Psalm 23 is a bold selection of Scripture regarding faith in our Good Shepherd. Because the Lord is our Shepherd that must make us His sheep (metaphorically speaking)! I say metaphorically because Christians might take offense to literally being called sheep since we have accepted the idea that sheep are stupid creatures. Unfortunately this has kept us from gaining a deeper understanding of the similarities we have with them. God does not compare us to sheep in order to point out how stupid we are but rather to encourage us to live as sheep in the safety of His fold. Being compared to sheep is not a negative thing, something we should get over, or try to avoid. For the most part, every characteristic of sheep can be paralleled with the Christian life and we find God’s brilliance in describing us as sheep and He as our Shepherd.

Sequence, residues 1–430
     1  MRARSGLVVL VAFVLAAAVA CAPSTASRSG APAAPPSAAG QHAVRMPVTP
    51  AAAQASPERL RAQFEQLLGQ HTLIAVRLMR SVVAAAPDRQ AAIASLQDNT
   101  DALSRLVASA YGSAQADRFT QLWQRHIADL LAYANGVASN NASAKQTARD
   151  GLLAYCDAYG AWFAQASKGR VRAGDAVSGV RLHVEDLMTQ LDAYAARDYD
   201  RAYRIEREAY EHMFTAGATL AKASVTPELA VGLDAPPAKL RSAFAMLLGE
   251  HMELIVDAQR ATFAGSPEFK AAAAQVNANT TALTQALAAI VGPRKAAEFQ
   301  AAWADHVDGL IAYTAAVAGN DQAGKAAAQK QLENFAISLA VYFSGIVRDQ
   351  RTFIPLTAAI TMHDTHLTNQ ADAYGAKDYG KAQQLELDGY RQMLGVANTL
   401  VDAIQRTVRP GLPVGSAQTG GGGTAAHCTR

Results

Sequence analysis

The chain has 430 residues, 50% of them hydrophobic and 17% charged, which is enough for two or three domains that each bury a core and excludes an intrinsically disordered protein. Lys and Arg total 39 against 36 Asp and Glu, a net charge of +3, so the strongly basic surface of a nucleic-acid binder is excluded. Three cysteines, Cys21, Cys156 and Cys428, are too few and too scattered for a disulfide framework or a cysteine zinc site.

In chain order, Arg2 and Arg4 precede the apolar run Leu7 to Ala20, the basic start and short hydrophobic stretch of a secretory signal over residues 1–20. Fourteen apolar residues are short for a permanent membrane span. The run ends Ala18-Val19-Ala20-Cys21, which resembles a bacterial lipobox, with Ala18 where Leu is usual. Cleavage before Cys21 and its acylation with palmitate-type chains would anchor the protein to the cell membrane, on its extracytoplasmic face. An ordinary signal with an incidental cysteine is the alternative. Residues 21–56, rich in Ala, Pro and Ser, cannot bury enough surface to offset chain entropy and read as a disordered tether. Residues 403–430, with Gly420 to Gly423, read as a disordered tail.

We generally only quote Psalm 23 when life is difficult, when death is near, or at funerals after loved ones are gone. Unfortunately this limits it to a Psalm of comfort instead of an assertion of our faith in the Most High God. We must delve into this Psalm with open hearts and minds to see the power displayed as we proclaim, believe, and stand on its truths. Then we can apply it as Psalm of victory! Examining each declaration in Psalm 23, clarifying our beliefs about those declarations, and then establishing our response to them will perhaps create a desire in us to be His sheep – metaphorically speaking that is! Even as we read this Psalm if we “proclaim” each statement rather than just speaking it, we will begin to “hear” the authority and truth packed in these words, and we will “feel” the power, own these decrees, and walk in trust and confidence.